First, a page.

Biden’s everything bill
What’s in the president’s $2.25 trillion “infrastructure” plan
WASHINGTON—President Joe Biden’s definition of “infrastructure” includes not only bridges, roads, and tunnels, but also paid parental leave, child care, and caregiving.
“Whatever the Left wants is infrastructure,” Sen. Ted Cruz, R-Texas, tweeted on Wednesday. Senate Minority Leader Mitch McConnell called Biden’s proposed $2.25 trillion American Jobs Plan a Trojan horse last week, arguing it would “spend more money just on electric cars than on America’s roads, bridges, ports, airports, and waterways combined.”
The Biden administration has brushed aside these criticisms and touted the infrastructure proposal as widely popular among Americans. A March 31 poll from Morning Consult found 54 percent of voters said they supported spending on infrastructure and paying for it with corporate tax increases. Seventy-three percent of Democrats polled supported infrastructure spending, compared with 52 percent of independents, and 32 percent of Republicans.
In a Reuters/Ipsos poll from March 31 and April 1, 79 percent supported the government upgrading transportation infrastructure. However, support fell to 45 percent of those asked whether they would support an upgrade helmed by the Biden administration.
“Americans don’t mind spending money on bridges, roads, and planes; but if the perception that it’s so much broader sinks in and [has] a lot of things that have nothing to do with infrastructure; opinions might change,” said Karlyn Bowman, a senior fellow with the American Enterprise Institute. “You don’t see a lot of concern right now about the debt and deficit. … Biden’s done pretty effective messaging, it seems to me, thus far.”
Biden’s infrastructure proposal, the details of which still have to be crafted into a bill, calls for spending $621 billion on transportation, $100 billion on electricity, $100 billion on internet, and $328 billion on housing costs, school buildings, childcare facilities, Veterans Affairs hospitals and other federal buildings. Additionally, it includes $400 billion for home care services and care workers and $590 billion for domestic manufacturing, research and development, and job training.
Progressives are cheering on the expansiveness of the plan. Sen. Ed Markey, D-Mass., called the plan “a way of accomplishing many of the goals of the Green New Deal.”
Edward Glaeser, a Harvard University economist, told The New York Times that many of the items funded in the plan do not fall into a historical definition of infrastructure: “It does a bit of violence to the English language, doesn’t it?”
The administration proposes to pay for the plan largely by introducing a tax hike on corporations. The rate would jump from 21 to 28 percent. That would partially undo the 2017 tax cut passed during the Trump administration. It would take 15 years for these tax hikes to finance the plan, whereas spending would be spread out over eight years.
The Senate parliamentarian gave the effort a boost on Monday. Elizabeth MacDonough ruled Democrats may use budget reconciliation to avoid a filibuster, which would hold up the bill unless it got 60 votes—a virtual impossibility in the divided Senate. But that doesn’t mean it’s a done deal. With the Senate evenly split between the parties, Democrats can’t afford to lose any support from their own members. Sen. Joe Manchin, D-W.Va., has said he opposes raising the corporate tax rate above 25 percent.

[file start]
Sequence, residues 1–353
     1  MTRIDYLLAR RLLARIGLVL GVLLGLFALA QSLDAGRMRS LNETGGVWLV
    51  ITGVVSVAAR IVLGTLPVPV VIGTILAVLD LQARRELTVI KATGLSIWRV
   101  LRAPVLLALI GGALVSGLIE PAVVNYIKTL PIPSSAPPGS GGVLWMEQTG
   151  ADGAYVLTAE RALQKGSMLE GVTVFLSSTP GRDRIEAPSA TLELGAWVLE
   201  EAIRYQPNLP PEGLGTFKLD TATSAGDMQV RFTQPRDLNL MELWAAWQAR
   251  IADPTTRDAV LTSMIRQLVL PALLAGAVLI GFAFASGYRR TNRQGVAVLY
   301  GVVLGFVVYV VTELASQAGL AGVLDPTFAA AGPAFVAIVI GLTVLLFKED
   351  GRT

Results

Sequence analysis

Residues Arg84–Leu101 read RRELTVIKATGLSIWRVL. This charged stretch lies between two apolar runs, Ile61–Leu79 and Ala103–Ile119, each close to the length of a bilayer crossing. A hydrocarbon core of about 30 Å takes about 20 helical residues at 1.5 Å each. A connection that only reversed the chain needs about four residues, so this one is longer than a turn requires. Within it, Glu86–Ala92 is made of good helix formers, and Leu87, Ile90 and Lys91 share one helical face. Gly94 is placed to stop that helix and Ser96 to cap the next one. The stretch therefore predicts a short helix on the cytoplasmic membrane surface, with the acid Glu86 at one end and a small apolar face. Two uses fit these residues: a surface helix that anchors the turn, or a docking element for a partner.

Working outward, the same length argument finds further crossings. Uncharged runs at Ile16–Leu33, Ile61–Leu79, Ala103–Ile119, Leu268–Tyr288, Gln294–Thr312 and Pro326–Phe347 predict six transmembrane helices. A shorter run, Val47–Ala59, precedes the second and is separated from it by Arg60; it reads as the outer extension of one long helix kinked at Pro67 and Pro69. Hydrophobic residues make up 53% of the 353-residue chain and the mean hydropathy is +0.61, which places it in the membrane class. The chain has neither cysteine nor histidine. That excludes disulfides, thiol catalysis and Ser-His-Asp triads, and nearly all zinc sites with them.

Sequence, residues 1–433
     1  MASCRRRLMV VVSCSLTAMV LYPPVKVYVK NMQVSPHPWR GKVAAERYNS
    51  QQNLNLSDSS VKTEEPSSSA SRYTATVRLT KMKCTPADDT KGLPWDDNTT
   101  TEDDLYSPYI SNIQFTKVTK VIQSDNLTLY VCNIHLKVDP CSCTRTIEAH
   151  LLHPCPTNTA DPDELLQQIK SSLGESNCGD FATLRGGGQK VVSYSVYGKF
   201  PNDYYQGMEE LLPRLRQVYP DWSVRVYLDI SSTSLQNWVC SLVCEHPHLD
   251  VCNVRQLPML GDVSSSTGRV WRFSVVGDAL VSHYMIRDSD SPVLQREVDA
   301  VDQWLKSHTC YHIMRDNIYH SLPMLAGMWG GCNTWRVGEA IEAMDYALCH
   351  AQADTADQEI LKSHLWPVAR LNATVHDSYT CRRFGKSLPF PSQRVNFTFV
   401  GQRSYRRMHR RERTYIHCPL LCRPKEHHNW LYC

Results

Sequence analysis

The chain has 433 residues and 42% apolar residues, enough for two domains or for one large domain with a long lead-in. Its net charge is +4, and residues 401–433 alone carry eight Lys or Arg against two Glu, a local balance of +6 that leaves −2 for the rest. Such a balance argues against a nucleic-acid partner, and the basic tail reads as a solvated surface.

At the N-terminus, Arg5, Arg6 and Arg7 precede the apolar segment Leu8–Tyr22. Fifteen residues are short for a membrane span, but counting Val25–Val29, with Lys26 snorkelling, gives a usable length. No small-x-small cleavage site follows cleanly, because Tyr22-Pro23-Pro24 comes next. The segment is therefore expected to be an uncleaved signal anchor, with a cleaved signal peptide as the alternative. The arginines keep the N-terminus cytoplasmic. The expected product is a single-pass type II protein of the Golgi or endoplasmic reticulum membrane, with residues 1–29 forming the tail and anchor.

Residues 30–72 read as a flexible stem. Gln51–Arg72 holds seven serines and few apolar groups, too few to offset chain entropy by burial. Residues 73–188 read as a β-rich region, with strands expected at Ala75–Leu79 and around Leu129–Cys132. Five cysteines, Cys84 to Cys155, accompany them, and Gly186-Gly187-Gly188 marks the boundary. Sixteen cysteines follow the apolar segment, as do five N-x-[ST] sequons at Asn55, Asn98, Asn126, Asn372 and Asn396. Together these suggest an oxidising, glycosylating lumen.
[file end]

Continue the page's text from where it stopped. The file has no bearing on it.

“It’s more than just me. … there’s six or seven other Democrats who feel very strongly about this,” he said.
Sen. Roy Blunt, R-Mo., told Fox News Sunday Biden should reduce its proposal to something closer to $615 billion.
“If we’d go back and look at roads and bridges and ports and airports, and maybe even underground water systems and broadband, you’d still be talking about less than 30 percent of this entire package,” he said. “I think you can do that and with some innovative things like looking at how we’re going to deal with the electric vehicle use of the highway system, what we can do with public-private partnerships.”
In some ways, Blunt’s argument hearkens back to what Americans found persuasive following the Obama administration’s 2009 economic rescue package: that lawmakers were spending too much without regard for the skyrocketing debt. In 2010, the message that spending had gotten out of control propelled many Tea Party conservatives into office, helping the GOP take control of Congress.
“This would represent the largest tax increase since Lyndon B. Johnson,” said David Ditch, a research fellow who specializes in budget and transportation at The Heritage Foundation. “It would represent somewhere in the neighborhood of $20,000 in spending for every single American household, and that amount of spending I think deserves a little more scrutiny.”
Ditch acknowledged there is less energy around curbing big spending out of Washington these days: “The only way we’re going to see fiscal responsibility in Washington again is if enough of the American public makes it clear they're going to hold elected officials accountable.”
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